Retailers upbeat over prospects for Grand Bazaar Shops on Strip

There’s an evolution going on at the Grand Bazaar Shops in front of Bally’s, and retailers are smiling a little more.

The open-air center that opened in February 2015 didn’t initially generate the traffic counts and sales that boutique retailers who sell everything from socks to jewelry had expected.

With more than 20 million people a year walking through the intersection of Flamingo Road and Las Vegas Boulevard South, Juno Property Group, the developer of the project, and its partner Caesars Entertainment Corp. and PWP Asset Based Value Strategy have found a way to get more people off the sidewalk and into its 2-acre plaza with more than 70 shops – bring in more food, drink and entertainment and people walking by will see it and sample it.

It started in July when Boston-based Wahlburgers, a restaurant of celebrity brothers Paul, Mark and Donnie Wahlberg opened. In August, Starbucks opened what’s being described as the coffee chain’s third largest store in the country, behind ones in Times Square and Disneyland. The 4,000 square-foot-plus store has stadium seating.

Sin City Brewing Co. opened its fourth Southern Nevada tasting bar in early November. Chicago-based Giordano’s, a deep dish pizza chain, is scheduled to open later this month with indoor and outdoor dining.

“It will be one of the coolest places to sit, have a slice of pizza, a drink and people watch on the Las Vegas Strip,” said Allen Bowman, general manager of the Grand Bazaar Shops.

Sports pub Born and Raised will open its third Southern Nevada location in 2017. Country music singer John Rich is opening a honky-tonk bar called Redneck Riviera in the first quarter of 2017. He will host a media tour of the bar on Friday.

All of that is welcome news to retailers, said Marco Revah, executive director of Lindberg’s, a European-based men’s store chain in Downtown Summerlin and the Grand Bazaar Shops. That’s especially true for some of those shops in corridors where traffic is lighter.

“Every shopping center has its ups and down, and the new restaurant anchors have brought in a lot of traffic so far and that’s good for me,” Revah said. “I’m on the corner, and the more people you get off the sidewalks, the more money you make.”

Lindberg’s epitomizes some of the shops. It has what Revah calls a pop-up shop with no mirrors or dressing rooms and measuring 700 square feet with a limited selection. That compares to its 24,000 square feet at Downtown Summerlin where it will sometimes limos people from the Strip if they want a bigger selection.

“This has a lot of potential because it’s not contained through opening and closing of shopping center doors and is on street level,” Revah said. “And you’re able to give people the time they want. Sometimes we stay open until midnight.”


The Grand Bazaar Shops said its annual traffic through the end of November, calculated by detecting phone signals, showed 35.3 million people have passed by on the sidewalks or in the plaza itself. It says about 100,000 people a day are seen at the center and the weekend traffic exceeds 150,000.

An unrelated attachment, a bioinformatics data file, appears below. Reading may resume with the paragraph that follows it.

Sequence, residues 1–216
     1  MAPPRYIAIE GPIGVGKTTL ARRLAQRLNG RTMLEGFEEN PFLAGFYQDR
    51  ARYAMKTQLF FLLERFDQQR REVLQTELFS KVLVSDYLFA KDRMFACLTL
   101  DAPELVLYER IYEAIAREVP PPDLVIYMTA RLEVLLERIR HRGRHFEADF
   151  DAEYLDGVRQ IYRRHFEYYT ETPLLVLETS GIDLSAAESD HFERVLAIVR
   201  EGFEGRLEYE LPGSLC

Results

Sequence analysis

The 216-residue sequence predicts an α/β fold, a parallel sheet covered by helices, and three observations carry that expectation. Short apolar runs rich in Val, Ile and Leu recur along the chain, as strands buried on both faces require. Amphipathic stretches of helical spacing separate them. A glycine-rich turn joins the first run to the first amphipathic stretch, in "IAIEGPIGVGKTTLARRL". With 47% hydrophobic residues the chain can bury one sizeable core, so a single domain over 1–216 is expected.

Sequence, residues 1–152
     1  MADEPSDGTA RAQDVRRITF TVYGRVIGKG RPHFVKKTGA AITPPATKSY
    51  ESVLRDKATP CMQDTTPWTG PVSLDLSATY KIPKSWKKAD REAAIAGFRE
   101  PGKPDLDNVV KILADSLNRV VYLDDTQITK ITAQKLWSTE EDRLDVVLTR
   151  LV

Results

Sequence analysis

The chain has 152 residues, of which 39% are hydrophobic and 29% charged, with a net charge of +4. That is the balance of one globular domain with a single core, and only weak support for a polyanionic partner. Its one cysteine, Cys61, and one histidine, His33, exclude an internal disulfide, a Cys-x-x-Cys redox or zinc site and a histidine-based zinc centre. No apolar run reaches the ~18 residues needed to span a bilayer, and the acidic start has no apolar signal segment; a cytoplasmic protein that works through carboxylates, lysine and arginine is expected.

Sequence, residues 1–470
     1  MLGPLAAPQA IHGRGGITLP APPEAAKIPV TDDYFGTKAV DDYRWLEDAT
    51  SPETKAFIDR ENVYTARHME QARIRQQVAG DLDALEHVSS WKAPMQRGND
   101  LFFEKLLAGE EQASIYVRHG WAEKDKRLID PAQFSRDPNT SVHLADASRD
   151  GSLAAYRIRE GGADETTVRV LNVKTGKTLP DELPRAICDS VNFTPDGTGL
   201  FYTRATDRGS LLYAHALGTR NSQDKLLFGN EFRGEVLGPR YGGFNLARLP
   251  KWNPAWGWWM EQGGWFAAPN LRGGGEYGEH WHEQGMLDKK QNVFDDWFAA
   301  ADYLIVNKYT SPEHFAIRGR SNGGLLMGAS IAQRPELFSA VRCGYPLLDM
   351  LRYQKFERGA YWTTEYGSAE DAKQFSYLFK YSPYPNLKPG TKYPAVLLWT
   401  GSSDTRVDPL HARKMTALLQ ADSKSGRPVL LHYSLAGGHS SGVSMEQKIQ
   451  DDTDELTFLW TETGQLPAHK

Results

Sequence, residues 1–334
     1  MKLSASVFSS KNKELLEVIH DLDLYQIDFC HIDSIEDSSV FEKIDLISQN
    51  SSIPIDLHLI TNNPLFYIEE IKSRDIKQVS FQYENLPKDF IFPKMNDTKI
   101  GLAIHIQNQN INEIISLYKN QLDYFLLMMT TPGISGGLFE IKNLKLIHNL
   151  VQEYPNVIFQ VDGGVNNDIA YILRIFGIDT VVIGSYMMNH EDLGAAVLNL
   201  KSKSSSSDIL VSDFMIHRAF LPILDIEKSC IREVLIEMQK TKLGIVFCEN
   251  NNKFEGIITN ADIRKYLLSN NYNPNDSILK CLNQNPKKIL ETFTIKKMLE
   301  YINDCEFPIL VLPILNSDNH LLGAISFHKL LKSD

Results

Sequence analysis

“When we first opened up foot traffic was good and as we continue to grow, expand and evolve, the numbers are impressive,” Bowman said.

Bowman declined to talk about the occupancy numbers and how that has changed over the nearly two years the center has been open but admits some shops haven’t made it. Some stores have since been replaced with grab-and-go food and beverage places.

“It started out organically and grew to a strategic decision to populate those rows with food and beverage,” Bowman said. “With any new development during the first 18 months, there’s always some attrition as some retailers we allowed to open didn’t have their brand take off as well as we thought.”


Grand Bazaar Shops uses social media to lure visitors and is counting on businesses like Sin City Brewing Co. and Born and Raised that have local customers to draw them to the site. More than 80 percent of the visitors are tourists, officials said.

“They can’t miss it while walking Las Vegas Boulevard,” Bowman said of the main marketing concept. “After opening a center, in the first 18 months to two years, you’re in a different place. We’re in a much stronger position. The center will grow and expand, and we will refine the merchandise mix on the retail side. As we finish construction of the restaurants and grab-and-go places, the future is incredibly bright.”

That’s what Sin City Brewing Co. President Rich Johnson envisions. There can be challenges for the outdoor portions of his establishment during bad weather, but the center’s courtyard is turning into a party atmosphere that’s going to benefit the food and retail establishments.

“There’s going to be quite of bit of opportunity from tasting our beers to country music at the Redneck Riviera,” Johnson said. “I like the vibe back there. “The evolution of the project is like they said it would be, and we can’t wait to see what we get when others come online. It will be quite the experience.”

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